Galileo Engineering Team Members Nominated for Invention Award

Galileo Engineering Team Members Nominated for Invention Award

The engineering team behind the signal technology underpinning Europe’s Galileo satellite navigation system has reached the final of this year’s European Inventor Award.

The European Patents Office has nominated a team led by Spanish engineer José Ángel Ávila-Rodríguez – now part of ESA’s Galileo team – and his French colleague Laurent Lestarquit from France’s CNES space agency. Ávila-Rodríguez and Lestarquit are each regular contributing writers for Inside GNSS.

The engineering team behind the signal technology underpinning Europe’s Galileo satellite navigation system has reached the final of this year’s European Inventor Award.

The European Patents Office has nominated a team led by Spanish engineer José Ángel Ávila-Rodríguez – now part of ESA’s Galileo team – and his French colleague Laurent Lestarquit from France’s CNES space agency. Ávila-Rodríguez and Lestarquit are each regular contributing writers for Inside GNSS.

The team includes German Günter Hein, formerly head of the department studying the evolution of EGNOS and Galileo for the European Space Agency (ESA), as well as Belgian Engineer Lionel Ries, now in ESA’s technical directorate, and French CNES engineer Jean-Luc Issler. Ries and Issler also are Inside GNSS contributors and Hein coordinates the magazine’s regular Working Papers column.

The engineers, who had previously worked together as members of the multinational Galileo Signal Task Force, came up with a pair of innovative signal modulation techniques to pack multiple Galileo signals together, simultaneously serving different sets of users while boosting signal performance and robustness. Both innovations have been adopted by Galileo and are in use today.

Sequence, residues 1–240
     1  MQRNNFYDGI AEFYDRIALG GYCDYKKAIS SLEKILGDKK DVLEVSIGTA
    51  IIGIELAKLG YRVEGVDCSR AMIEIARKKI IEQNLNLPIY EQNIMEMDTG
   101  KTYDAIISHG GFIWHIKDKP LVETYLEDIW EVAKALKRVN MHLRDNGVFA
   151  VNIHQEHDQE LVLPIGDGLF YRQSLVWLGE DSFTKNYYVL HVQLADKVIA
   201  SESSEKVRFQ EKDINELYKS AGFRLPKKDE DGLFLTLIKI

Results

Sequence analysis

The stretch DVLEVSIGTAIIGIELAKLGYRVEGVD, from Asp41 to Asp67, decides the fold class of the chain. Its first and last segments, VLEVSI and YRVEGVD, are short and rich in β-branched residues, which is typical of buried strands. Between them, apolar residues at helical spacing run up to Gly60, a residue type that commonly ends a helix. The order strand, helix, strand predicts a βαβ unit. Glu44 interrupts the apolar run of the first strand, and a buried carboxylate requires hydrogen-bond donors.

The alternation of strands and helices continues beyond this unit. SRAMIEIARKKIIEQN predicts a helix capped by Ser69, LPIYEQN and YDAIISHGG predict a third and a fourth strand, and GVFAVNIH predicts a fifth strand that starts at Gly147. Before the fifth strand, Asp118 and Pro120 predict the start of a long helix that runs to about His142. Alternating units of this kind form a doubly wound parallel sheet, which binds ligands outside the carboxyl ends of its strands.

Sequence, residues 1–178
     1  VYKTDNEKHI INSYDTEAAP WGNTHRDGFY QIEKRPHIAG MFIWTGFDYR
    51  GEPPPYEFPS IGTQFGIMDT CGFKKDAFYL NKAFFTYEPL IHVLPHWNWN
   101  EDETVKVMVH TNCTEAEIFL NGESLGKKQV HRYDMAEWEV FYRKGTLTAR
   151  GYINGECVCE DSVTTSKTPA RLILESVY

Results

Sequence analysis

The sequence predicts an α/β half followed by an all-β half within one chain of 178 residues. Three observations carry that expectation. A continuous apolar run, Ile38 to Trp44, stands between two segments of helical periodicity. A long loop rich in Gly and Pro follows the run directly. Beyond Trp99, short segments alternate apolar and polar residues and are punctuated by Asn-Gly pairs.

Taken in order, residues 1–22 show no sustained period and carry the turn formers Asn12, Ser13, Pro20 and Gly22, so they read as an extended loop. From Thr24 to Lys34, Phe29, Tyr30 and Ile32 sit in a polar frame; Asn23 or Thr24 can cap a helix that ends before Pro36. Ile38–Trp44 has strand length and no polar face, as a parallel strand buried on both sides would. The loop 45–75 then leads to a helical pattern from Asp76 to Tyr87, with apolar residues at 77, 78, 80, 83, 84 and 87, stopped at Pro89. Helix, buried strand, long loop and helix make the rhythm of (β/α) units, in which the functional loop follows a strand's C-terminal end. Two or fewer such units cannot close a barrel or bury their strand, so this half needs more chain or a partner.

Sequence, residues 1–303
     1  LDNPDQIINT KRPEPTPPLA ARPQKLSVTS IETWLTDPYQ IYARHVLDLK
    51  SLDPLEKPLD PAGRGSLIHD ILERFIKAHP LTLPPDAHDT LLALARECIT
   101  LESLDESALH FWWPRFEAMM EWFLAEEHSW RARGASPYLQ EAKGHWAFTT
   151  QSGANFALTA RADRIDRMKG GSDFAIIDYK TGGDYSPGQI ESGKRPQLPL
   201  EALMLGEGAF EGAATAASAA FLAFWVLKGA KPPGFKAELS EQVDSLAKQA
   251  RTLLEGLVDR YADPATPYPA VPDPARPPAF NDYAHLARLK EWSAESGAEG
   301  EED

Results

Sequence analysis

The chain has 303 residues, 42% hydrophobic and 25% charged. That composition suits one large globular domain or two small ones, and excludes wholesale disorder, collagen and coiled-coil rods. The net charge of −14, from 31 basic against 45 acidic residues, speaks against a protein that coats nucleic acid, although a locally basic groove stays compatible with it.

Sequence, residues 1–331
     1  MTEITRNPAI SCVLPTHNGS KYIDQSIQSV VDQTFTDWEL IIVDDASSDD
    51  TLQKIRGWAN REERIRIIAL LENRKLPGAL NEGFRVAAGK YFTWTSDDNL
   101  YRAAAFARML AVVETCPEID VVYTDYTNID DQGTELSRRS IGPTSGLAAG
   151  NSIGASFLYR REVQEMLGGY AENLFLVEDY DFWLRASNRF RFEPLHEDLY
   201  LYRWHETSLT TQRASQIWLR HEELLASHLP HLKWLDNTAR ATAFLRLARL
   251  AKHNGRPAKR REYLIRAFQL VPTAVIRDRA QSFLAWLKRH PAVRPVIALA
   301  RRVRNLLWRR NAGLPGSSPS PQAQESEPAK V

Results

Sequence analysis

The first technique, called Alternative Binary Offset Carrier modulation, or “AltBOC” for short, combines four signals into one large one, resulting in the widest bandwidth navigation signal ever transmitted. Two of these signals are sitting on the one carrier, namely E5a, while the other two are on E5b.

“AltBOC is a way of transmitting four components in a very wide bandwidth signal, using a single radio frequency chain on the satellite in an intelligent way, where originally two chains would have been needed to transmit in two separate frequency bands (E5a and E5b),” explains Ávila-Rodríguez, now ESA’s Global Navigation Satellite System Evolution Signal and Security Principal engineer for Galileo.

The result is a frequency-rich signal that fundamentally improves positioning performance and robustness.
“AltBOC is interoperable with GPS in E5a/L5 and allows receiver manufacturers to process it as one very large signal – extending over the whole E5a and E5b range – or as two separate signals, one at each frequency carrier (E5a or E5b),” he adds.

“AltBOC serves open service users in general. Moreover, when used in its full performance mode (E5a+E5b), it also facilitates geodetic and precision scientific applications such as gradual tectonic motion, or the use of accurate positioning on Earth – including proposed ‘reflectometry’ missions to make altimetry measurements from satnav signals reflected from Earth’s surface.”

The team adds that the application of AltBOC could go beyond the current use by providing accurate positioning to satellites in space thanks to its unique bandwidth characteristics.

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